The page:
You know you’re supposed to tip your waiter and your bartender. And you get that it’s a nice gesture to throw a dollar in the tip jar at the coffee shop, especially if your drink order is complicated. But get beyond those standard transactions, and tipping etiquette can quickly get murky. Who gets a tip and who doesn’t? And if you do want to tip, how much should you give?
Tipping can be such a confusing and fraught practice that some people want to do away with it entirely, arguing that it’s not a consumer’s job to decide how much someone should be paid and that a reliance on tips is bad for workers who can’t count on a steady wage. Others see tipping as a way to get better service or reward a job well done. For now, however, tipping is here to stay, which means that you need to include a tip in the cost of many services.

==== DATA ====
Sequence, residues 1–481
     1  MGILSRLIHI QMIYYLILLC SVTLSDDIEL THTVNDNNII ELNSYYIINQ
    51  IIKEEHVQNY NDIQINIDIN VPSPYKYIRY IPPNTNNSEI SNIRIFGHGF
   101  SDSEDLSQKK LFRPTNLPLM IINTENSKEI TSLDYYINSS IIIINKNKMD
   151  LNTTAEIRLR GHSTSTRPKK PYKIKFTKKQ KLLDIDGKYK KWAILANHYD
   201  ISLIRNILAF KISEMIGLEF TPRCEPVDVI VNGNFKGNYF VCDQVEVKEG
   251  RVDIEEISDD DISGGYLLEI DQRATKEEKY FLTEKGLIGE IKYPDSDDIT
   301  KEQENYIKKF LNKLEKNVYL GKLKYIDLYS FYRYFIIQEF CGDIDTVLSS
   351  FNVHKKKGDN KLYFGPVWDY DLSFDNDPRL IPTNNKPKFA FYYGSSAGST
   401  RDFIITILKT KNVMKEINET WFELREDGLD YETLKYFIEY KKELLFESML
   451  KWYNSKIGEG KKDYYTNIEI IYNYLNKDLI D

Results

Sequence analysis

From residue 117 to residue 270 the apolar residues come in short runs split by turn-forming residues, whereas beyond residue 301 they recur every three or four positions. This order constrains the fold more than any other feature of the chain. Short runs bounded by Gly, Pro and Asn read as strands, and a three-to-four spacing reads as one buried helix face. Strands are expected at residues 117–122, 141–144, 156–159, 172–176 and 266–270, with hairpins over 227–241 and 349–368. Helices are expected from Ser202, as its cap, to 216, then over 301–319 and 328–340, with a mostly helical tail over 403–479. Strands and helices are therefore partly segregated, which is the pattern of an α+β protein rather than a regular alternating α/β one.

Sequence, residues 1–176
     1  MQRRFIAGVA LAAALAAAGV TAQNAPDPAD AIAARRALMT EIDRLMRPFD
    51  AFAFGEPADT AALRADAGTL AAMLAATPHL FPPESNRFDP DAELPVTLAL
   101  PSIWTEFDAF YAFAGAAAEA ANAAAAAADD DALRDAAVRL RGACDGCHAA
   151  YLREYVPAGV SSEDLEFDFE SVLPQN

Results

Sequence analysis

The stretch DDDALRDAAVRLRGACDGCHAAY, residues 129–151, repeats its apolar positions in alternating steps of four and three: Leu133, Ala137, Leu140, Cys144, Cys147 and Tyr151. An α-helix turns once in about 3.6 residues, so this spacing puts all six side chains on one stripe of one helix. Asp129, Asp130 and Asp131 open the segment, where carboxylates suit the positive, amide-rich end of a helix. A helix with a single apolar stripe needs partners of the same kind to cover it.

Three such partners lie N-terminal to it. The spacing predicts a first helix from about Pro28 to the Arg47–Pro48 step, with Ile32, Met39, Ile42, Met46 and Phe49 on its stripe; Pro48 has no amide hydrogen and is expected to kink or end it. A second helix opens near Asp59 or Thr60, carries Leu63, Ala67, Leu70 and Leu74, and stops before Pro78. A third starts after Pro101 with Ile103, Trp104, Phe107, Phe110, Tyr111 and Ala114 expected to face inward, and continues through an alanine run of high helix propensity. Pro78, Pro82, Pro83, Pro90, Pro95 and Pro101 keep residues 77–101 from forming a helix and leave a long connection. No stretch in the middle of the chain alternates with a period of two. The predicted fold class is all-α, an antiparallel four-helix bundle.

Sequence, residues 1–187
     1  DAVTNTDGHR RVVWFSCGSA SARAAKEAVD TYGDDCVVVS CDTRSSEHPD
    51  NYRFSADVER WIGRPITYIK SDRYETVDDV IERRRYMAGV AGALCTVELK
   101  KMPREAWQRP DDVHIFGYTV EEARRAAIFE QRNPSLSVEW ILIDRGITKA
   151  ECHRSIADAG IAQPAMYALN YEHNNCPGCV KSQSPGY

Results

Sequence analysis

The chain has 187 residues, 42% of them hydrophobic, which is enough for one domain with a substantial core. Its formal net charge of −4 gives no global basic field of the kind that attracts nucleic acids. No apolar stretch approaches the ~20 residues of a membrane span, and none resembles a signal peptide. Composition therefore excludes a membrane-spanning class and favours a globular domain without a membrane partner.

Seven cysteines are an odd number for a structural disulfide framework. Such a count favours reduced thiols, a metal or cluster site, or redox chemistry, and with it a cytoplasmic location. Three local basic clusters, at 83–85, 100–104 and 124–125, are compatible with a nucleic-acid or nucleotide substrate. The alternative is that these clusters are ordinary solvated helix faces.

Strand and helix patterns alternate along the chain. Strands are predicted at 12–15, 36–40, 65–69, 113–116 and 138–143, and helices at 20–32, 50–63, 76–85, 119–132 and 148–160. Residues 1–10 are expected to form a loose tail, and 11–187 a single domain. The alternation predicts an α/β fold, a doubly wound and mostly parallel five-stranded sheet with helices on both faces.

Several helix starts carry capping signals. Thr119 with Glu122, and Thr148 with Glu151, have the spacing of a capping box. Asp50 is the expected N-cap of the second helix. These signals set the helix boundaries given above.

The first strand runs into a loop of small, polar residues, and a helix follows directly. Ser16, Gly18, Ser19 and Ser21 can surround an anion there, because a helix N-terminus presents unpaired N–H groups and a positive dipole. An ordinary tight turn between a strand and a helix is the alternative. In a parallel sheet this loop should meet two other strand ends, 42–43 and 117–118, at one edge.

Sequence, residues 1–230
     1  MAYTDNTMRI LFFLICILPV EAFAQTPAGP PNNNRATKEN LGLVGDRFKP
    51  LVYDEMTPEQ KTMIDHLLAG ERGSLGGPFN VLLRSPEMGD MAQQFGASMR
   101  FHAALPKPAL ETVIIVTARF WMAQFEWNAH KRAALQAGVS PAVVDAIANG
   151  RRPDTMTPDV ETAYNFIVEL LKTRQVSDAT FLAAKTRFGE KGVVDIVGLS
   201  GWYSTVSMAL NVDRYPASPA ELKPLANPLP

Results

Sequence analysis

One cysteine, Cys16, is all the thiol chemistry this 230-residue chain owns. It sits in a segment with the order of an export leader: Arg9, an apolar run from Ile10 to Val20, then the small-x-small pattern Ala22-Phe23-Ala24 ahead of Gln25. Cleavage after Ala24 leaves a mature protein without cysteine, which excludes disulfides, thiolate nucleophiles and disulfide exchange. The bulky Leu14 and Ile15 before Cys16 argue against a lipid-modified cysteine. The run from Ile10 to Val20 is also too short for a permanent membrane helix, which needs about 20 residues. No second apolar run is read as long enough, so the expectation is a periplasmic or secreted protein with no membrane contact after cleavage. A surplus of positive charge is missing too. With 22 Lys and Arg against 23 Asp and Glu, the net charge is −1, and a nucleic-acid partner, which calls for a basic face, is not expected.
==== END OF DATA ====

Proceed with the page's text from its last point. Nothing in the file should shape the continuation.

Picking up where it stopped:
“Tipping is a very personal decision, but it’s money that should always be factored into a budget,” said Jackie Warrick, senior savings adviser at CouponCabin.com, in a statement. “Plan ahead before going out to dinner, getting a haircut, or ordering delivery to understand just how much those services will end up costing. A little bit of preparation can go a long way in keeping a budget on track.”
Yet even committed tippers may sometimes neglect to leave a gratuity, especially in unfamiliar situations when the need for a tip is not clear. While tipping should always be done at your discretion, some basic guidelines about who to tip and how much are useful. To help you out, we’ve put together this list of five people you may not realize you should be tipping.
Keep in mind that tipping rules vary from country to country. The guidelines below are for the U.S. For advice on tipping in other parts of the world, see this article in Condé Nast Traveler.